Thuy and I have made several perl scripts to trim Illumina reads, available on the zoology cluster at:
The perl scripts are currently quite functional as long as you have paired end reads – the current versions don’t handle single ends yet. The first file (…Qual20.pl) trims everything with quality below 20 from the ends of the sequence. You can change line 83 and make a new version if you want to filter differently (let me know if you want help).
ALSO, it turns out that many of our new runs are, due to the BAM to fq conversion, in a version of Phred quality scores, “Phred+33”, rather than the “Phred+64” usually used by Illumina. Thank the GSC once again for only distributing BAM files rather than fq or qseq… SO, for those files or any other in this version (or the somewhat similar Sanger format quality scores – you can tell both of them because the low quality ends are ####### rather than BBBBBB) you should use the alternate version:
Our trimming strategy for these scripts was based on some of the publicly-available perl scripts for trimming qseq files. I hadn’t seen these scripts adapted to trim fastq, so we did that as it is an important thing to do for de novo assemblies. The script could certainly be improved in various ways, and feel free to do so (and rename your version if so and send a note around). Currently it requires an input directory containing only paired fastq sequences with standard Illumina quality scores. I know we need to modify to handle single ends, but that will be an easy fix – I’ll do that eventually when I need it, or you can let me know if you want me to do that if you need it right away.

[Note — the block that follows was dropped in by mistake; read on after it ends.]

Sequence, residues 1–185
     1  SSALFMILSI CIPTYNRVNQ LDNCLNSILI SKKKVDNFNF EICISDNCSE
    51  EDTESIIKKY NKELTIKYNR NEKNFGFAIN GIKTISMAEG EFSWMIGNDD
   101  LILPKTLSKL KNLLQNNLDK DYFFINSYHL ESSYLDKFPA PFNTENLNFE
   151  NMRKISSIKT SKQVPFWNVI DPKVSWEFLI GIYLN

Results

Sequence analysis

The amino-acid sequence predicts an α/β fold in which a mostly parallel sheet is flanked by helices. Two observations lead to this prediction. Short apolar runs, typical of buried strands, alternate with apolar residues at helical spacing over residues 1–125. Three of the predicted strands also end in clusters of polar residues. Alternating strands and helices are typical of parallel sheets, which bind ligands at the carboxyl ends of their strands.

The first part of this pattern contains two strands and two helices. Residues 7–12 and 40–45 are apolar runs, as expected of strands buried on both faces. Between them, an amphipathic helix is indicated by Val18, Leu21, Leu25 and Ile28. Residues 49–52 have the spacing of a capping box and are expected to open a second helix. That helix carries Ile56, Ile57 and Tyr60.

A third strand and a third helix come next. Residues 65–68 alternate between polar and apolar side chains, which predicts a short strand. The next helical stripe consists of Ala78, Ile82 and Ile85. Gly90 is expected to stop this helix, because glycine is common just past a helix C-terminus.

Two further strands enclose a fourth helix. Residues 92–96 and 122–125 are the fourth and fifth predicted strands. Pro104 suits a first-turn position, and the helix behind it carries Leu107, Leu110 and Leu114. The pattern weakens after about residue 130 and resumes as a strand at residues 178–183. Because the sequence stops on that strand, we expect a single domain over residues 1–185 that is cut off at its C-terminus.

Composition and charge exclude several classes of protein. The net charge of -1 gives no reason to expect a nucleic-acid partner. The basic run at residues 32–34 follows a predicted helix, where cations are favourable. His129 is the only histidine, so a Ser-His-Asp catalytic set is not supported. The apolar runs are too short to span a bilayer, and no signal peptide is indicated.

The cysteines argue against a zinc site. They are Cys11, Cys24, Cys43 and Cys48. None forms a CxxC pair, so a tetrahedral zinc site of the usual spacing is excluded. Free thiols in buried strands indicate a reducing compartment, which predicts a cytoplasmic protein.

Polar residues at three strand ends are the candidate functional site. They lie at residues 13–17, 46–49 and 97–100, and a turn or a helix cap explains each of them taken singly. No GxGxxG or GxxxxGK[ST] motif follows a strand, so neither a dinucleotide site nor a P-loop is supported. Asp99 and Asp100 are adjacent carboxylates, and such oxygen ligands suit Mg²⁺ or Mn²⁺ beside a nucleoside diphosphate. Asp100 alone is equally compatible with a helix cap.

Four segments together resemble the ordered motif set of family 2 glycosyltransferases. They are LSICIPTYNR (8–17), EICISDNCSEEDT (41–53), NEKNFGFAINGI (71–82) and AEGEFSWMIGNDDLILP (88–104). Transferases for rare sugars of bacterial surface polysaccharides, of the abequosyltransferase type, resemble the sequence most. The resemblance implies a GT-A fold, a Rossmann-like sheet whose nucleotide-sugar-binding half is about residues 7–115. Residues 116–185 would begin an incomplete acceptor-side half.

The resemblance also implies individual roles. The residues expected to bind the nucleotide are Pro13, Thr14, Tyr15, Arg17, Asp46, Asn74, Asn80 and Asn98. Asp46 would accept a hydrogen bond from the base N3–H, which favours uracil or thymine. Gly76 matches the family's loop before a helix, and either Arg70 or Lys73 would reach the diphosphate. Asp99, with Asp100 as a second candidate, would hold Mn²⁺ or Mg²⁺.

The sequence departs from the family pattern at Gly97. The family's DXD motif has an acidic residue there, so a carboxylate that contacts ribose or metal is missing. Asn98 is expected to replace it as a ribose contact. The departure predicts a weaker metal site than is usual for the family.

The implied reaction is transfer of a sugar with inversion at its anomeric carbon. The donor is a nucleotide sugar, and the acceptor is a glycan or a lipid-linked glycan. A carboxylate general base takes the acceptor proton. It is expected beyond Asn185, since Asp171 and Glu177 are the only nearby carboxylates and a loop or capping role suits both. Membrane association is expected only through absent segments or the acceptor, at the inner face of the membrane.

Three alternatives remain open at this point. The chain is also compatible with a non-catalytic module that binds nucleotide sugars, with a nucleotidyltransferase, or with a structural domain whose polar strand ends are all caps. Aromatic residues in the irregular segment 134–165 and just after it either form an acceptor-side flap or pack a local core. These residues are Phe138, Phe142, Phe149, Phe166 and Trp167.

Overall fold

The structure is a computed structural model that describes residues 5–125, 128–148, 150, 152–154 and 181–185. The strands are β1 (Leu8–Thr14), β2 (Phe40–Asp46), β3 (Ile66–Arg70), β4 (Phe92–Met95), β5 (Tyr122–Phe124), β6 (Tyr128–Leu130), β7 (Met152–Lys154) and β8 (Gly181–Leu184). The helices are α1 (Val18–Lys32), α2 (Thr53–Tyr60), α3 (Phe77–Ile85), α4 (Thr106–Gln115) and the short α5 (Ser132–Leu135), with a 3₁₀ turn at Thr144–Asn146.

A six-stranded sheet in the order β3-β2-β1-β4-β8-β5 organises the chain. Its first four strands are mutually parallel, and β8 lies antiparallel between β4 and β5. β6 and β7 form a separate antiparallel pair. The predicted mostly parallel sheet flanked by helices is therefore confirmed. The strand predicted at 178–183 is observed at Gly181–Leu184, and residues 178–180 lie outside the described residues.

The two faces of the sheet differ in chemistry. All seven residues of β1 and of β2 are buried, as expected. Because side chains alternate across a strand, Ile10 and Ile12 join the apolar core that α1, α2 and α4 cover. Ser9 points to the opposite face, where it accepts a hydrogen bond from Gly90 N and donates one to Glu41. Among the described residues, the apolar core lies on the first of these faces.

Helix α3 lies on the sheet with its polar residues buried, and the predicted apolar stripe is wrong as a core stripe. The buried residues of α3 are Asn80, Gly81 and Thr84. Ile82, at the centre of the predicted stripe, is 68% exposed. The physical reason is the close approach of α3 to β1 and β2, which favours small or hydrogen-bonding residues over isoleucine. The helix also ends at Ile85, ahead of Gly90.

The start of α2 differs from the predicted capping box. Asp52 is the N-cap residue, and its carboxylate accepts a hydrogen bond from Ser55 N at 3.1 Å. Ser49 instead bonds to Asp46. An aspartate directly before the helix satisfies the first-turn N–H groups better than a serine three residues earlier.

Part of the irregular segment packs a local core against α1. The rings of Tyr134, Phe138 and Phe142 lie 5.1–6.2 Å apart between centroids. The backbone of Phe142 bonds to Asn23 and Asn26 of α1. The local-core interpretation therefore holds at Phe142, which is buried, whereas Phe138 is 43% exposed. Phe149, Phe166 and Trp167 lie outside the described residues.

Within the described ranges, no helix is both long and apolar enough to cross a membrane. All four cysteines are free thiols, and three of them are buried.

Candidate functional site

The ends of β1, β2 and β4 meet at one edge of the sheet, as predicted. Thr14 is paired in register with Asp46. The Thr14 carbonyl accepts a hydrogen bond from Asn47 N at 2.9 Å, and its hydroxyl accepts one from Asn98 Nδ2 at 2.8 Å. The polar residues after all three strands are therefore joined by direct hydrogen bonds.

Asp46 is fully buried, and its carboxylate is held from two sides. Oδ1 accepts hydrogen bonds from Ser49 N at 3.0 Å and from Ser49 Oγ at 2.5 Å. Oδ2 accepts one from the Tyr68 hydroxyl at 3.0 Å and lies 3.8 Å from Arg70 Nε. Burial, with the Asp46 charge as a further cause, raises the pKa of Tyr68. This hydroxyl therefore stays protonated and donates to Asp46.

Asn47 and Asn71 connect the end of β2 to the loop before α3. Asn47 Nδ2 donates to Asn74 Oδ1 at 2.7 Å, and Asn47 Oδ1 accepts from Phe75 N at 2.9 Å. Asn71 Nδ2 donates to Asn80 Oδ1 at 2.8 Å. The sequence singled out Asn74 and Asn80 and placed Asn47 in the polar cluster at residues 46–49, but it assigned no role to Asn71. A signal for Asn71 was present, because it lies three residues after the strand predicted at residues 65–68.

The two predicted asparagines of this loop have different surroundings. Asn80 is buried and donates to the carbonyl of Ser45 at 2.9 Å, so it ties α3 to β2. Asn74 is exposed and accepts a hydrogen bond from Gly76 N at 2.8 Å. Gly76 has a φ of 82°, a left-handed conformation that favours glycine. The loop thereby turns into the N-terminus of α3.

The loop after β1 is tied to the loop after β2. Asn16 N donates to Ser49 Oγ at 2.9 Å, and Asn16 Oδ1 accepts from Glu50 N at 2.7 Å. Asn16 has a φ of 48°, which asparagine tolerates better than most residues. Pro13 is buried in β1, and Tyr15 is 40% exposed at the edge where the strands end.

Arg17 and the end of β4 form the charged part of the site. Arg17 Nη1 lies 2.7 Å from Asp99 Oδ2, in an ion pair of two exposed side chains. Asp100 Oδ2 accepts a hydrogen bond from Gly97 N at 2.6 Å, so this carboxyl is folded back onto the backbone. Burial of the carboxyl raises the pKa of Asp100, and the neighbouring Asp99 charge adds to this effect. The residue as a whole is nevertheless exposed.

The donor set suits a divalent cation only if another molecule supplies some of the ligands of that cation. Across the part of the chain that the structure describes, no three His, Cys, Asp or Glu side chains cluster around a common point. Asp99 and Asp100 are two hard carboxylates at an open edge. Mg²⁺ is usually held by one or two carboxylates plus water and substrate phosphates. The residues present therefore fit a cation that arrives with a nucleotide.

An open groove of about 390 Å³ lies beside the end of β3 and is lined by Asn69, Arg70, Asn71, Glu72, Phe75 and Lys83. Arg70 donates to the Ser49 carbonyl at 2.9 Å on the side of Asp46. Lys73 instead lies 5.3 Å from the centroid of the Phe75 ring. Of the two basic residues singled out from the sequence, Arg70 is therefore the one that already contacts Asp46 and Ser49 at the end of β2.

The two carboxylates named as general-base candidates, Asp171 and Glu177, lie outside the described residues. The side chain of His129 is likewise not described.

nohup perl /Linux/Loren/Seq/trimIlluminaFqQual20.pl INPUTDIR OUTPUTDIR > logfile &
again, the input directory has to have only paired end illumina reads, one read per end ending in _1.fq and the other ending in _2.fq
Of course, you don’t have to nohup it or send to a log file, but I think both are good practice. And, the log file is useful if you want to know how many adapters are trimmed, how many reads are trimmed at all, etc. To count the number of trimmed ends:
grep -c ‘TRIMMED’ logfile
To get the number of reads with adaptor sequences:
grep -c ‘adaptor’ logfile
It seems to be working very well as far as I can see, but let me know if you find bugs. Any bugs are likely due to my modifications rather than Thuy’s programming.